Data Content: domain-dependent but based on Sensor Markup Language

Data Deposit: not required—distributed

Services: Publish data via OGC Sensor Observation Services

[25, 26, 34, 35]

Model outputs and multidimensional data

THREDDS and OPeNDAP

Aggregation to GEOSS Broker

EU BON

GEOSS

Biodiversity Catalogue

Metadata: THREDDS crosswalk to ISO 19115 preferred

Data Content: domain-dependent

Data Deposit: Not required—federated

Services: NetCDF/OPeNDAP queries or mapping to WMS

[25–28, 34, 35]

All other tabular data

OAI-PMH serving Dublin Core or EML Metadata

EU BON

GEOSS

DataOne, KNB, LTER

Consider IPT feed to GBIF in respect of species occurrence

Metadata: EML

Data Content: domain-dependent

DataDeposit: any compatible format

Services: download via API

[19, 29, 31, 34, 53]

Any other digital object

Media files, grey literature, code, and similar: provide a DataCite metadata record to DataCite and obtain a DOI

DataCite

Metadata: DataCite

Data Content: any digital object

Data Deposit: not required—distributed

Services: DataCite API

[30]

11.5 Conclusions

Biodiversity informatics is inherently a global initiative. With a multitude of organisations from different countries publishing biodiversity data, the foremost challenge is to make the diverse and distributed participating systems interoperable in order to support discovery and access to data. A common exchange technology, e.g. the widely used XML or JSON over HTTP, may allow the syntactic exchange of data blocks, but participating systems also need to understand the schema and semantics of the data being delivered in order to process it meaningfully. Unless the data share a common reference model, the exchange implies brokering, mediation, or other semantic processing.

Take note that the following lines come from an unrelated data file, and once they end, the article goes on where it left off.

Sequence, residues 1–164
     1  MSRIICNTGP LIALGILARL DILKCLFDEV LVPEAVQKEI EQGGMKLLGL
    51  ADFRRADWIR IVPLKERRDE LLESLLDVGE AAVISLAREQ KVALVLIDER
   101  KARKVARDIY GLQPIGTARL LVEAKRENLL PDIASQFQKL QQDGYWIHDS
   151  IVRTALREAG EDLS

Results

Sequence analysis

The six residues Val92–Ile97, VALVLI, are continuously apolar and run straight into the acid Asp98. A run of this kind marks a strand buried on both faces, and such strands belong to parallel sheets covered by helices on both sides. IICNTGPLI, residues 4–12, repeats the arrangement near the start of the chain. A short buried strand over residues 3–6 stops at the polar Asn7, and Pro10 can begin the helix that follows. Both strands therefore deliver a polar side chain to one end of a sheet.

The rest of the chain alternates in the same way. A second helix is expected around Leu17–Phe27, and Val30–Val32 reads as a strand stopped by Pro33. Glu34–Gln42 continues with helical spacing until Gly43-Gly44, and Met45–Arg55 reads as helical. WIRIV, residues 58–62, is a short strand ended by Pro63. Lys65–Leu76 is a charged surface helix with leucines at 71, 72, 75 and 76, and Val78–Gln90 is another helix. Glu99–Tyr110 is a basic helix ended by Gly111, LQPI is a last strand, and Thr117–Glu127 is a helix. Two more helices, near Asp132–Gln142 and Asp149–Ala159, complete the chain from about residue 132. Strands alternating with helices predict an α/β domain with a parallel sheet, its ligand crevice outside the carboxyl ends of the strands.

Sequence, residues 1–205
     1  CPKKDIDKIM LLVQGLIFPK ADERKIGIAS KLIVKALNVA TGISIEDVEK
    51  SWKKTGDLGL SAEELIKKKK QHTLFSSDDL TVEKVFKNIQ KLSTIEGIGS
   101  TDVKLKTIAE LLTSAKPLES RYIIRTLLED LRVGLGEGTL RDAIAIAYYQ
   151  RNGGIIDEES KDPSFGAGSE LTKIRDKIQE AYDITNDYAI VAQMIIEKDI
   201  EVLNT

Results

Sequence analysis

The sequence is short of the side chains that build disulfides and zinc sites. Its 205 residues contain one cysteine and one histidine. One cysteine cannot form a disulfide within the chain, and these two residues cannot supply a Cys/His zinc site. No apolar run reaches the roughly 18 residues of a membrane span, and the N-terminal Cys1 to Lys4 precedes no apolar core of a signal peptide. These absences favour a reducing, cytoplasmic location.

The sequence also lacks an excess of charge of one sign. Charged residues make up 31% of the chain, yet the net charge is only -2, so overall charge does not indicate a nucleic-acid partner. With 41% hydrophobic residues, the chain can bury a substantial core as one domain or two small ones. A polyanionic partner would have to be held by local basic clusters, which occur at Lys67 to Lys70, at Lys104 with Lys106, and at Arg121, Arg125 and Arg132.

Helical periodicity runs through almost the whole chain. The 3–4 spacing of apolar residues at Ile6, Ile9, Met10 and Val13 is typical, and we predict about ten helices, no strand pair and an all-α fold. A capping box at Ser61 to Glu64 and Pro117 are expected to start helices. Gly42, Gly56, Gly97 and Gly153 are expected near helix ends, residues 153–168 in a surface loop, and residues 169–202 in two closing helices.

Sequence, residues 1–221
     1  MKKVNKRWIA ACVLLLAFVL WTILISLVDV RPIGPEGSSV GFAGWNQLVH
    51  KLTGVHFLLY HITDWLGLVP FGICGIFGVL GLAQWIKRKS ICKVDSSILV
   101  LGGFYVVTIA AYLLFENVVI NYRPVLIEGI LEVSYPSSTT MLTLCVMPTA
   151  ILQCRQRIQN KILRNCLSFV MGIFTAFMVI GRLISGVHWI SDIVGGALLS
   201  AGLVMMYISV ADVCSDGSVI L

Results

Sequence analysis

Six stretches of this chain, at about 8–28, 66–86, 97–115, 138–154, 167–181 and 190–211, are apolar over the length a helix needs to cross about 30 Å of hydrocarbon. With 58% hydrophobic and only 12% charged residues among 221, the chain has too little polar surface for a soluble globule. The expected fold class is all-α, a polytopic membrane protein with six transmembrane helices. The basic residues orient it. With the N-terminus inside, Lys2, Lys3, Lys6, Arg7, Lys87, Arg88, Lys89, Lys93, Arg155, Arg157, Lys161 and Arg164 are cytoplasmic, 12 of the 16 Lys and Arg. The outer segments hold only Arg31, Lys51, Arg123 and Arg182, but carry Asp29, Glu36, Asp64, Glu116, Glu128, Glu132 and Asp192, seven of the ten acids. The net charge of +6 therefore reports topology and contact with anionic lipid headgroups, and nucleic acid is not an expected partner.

The challenge, then, from the perspective of GEO BON, is largely one of agreeing appropriate content (schematic and semantic) standards for the main data families appropriate to each EBV. This will not address all requirements, but should go a long way towards creating successful interoperability precedents and simplify the broadening of the scope of application.

11.5.1 What Is Already Achievable?

Researchers, institutions, and regional or global infrastructures or initiatives that follow the guidelines published in the chapter will already make an immense contribution to the components of an interoperable, federated system of systems as envisaged by GEO.

11.5.2 What Needs to Be Improved?

The guidance has indicated for each aspect what role GEO BON can play in coordinating the solutions to non-ideal situations and development of community-endorsed standards, and in general this remains a significant requirement.

If one considers the more specific goal of EBV interoperability: the majority of EBVs still need to be defined by the GEO BON community, and guidance in respect of interoperability standards and software to support these is dependent on these definitions. In practical terms, the tasks at hand are:
  • Review the guidance presented here as more EBVs are formalised;

  • Identify the main deficiencies in respect of the available interoperability standards that can be used for GEO BON supported EBVs across data families;

  • Define extended content standards for the major data exchange service protocols (IPT, OGC WxS, NetCDF, Sensor Observation Services), using patterns and resources that already exist;